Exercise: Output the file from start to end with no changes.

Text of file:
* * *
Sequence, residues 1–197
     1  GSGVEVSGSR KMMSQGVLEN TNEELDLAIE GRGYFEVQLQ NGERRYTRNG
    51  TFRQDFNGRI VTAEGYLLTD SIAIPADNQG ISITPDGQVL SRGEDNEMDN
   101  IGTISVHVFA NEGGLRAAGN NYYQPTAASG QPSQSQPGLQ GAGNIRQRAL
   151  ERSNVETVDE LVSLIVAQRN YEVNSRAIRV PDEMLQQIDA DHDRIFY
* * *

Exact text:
Sequence, residues 1–197
     1  GSGVEVSGSR KMMSQGVLEN TNEELDLAIE GRGYFEVQLQ NGERRYTRNG
    51  TFRQDFNGRI VTAEGYLLTD SIAIPADNQG ISITPDGQVL SRGEDNEMDN
   101  IGTISVHVFA NEGGLRAAGN NYYQPTAASG QPSQSQPGLQ GAGNIRQRAL
   151  ERSNVETVDE LVSLIVAQRN YEVNSRAIRV PDEMLQQIDA DHDRIFY